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honey-suckle-this:

sixpenceee:

Krista and Tatiana Hogan are craniopagus twins, meaning they’re connected at the head.

They share a structure that connects Krista’s thalamus to Tatiana’s. The thalamus is a double-lobed organ that plays important roles in processing sensory input and creating consciousness.

Since Krista’s and Tatiana’s thalami are connected, scientists and members of the Hogan family think the girls might view the world differently than the rest of us do.

For example, Dr. Cochrane believes the girls can see through each other’s eyes. He came to this conclusion after covering Krista’s eyes, placing electrodes on her head, and watched Krista’s brain respond after shining a light in Tatiana’s pupils.

Other times, one girl will be watching TV while the other is looking somewhere else. Suddenly, the twin not watching TV will start laughing at what’s happening onscreen.

Their “thalamic bridge” also affects their sense of taste. Krista is a ketchup fiend, but Tatiana hates the stuff. Once, Krista was eating ketchup, and Tatiana furiously tried to wipe it off her own tongue even though she wasn’t eating any ketchup herself.

Perhaps the strangest phenomenon of all is that the twins sometimes use the word “I” to describe both of themselves at once.

As of 2011, no one had run any conclusive tests on the girls and their odd condition. However, scientists who have observed their behavior and brain scans are flabbergasted and excited. While no one can say for sure at the moment, it really does seem Krista and Tatiana can share private thoughts and perceive what the other is sensing.

As someone who wants to study consciousness in the future, I can say this is one of the most extraordinary cases I have ever heard of. 

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this is fucking amazing

sqvad:

pansoph:

pansoph:

i went to a party and put 3 whole loaves of sliced bread all around the house i put bread under the kid’s pillow and in all 3 of his bathrooms, in his rugby shorts and the breast pocket of his school shirt, on his roof and his neighbor’s roof, in his couch and on his tv i’m laughing so hard he’s going to wake up hungover tomorrow and be like why the fuck is there bread everywhere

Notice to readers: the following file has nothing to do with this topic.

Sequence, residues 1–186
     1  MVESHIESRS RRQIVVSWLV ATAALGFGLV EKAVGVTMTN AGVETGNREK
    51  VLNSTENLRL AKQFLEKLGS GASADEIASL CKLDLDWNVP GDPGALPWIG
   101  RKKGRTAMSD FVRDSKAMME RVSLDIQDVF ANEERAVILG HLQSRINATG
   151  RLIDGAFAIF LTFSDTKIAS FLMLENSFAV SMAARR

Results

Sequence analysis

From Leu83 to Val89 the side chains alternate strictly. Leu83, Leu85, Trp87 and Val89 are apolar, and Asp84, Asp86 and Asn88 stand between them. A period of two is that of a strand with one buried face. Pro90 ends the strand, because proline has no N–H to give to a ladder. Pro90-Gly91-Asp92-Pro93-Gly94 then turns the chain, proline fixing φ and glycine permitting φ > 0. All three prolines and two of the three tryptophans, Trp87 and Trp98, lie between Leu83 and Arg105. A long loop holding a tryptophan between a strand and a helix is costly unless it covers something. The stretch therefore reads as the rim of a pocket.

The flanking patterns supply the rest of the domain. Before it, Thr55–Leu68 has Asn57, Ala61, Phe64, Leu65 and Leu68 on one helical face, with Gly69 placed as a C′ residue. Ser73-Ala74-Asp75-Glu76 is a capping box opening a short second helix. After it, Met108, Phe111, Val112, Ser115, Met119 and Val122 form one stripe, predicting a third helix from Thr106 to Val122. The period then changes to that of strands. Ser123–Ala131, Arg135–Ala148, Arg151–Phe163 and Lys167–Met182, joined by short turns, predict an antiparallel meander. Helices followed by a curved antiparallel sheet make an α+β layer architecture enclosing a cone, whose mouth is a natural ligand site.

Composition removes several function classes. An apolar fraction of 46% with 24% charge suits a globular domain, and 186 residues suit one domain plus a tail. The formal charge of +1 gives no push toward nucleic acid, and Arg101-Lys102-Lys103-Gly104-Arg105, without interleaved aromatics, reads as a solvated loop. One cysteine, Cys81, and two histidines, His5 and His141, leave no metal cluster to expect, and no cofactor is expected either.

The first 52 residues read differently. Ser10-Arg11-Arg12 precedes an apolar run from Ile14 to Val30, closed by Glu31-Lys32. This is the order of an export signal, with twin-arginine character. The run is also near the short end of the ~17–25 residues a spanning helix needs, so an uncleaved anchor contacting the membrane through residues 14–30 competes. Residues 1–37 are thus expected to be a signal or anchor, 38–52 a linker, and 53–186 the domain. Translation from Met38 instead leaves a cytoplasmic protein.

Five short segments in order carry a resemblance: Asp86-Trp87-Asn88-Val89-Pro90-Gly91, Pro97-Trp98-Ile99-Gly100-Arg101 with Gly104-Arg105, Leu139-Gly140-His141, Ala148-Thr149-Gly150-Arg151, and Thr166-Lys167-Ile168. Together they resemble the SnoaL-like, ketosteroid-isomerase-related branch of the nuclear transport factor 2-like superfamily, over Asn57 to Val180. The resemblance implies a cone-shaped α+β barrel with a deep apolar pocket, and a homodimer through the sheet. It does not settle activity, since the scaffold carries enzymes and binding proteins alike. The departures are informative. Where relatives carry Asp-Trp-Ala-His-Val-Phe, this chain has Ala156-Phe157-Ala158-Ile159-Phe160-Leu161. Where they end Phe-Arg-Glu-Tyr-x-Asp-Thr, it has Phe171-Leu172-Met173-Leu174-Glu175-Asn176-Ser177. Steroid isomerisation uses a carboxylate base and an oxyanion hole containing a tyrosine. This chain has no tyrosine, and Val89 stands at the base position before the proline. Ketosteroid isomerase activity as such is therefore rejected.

image

i’m pissing myself

jesus christ

pstumpandtheclappers:

sarahmouse:

spindleshanking:

zombiotic:

aviculor:

drkarayua:

glutenfreewaffles:

glutenfreewaffles:

remember when you put your glasses on for the first time and you realized you could see leaves on trees

how  many fucking people on this website wear glasses jfc

it’s always the leaves oh my god

it was streetlights for me

Rocks on the ground for me.

Trees on the mountains.

I was really excited to find out that grass is made of individual pieces.

People have faces.

Broaching the topic of “White Privilege” is not synonymous with “All white people are evil and, I hate them all.” Chill out.

Want to watch a white person rush away from a dinner party? Just bust out phrases like “institutionalized racism,” “white supremacy,” and the oldie but goodie “residual effects of slavery that are still with us today,” and watch a room of white people clear itself out, or, at least, have them stammer out the names of all the black people they are friends with, and then offer another unsolicited list off all the good they’ve done for people of color.

When I talk about systemic racism and historical racial inequalities as it ties into white privilege and modern-day racism, I think I must sound like this to white people: “Hey Whitey! I am going to kill you.” I know this is a lot to ask of white people, but could you please STOP FLIPPING OUT when the topic of white privilege comes up? I’m talking about being defensive, blabbing about how there is no such thing as race (just one human race, which is actually made up of different races), and how you are so gifted as a white person that you “don’t see race.” Ooh, that last one, ouch.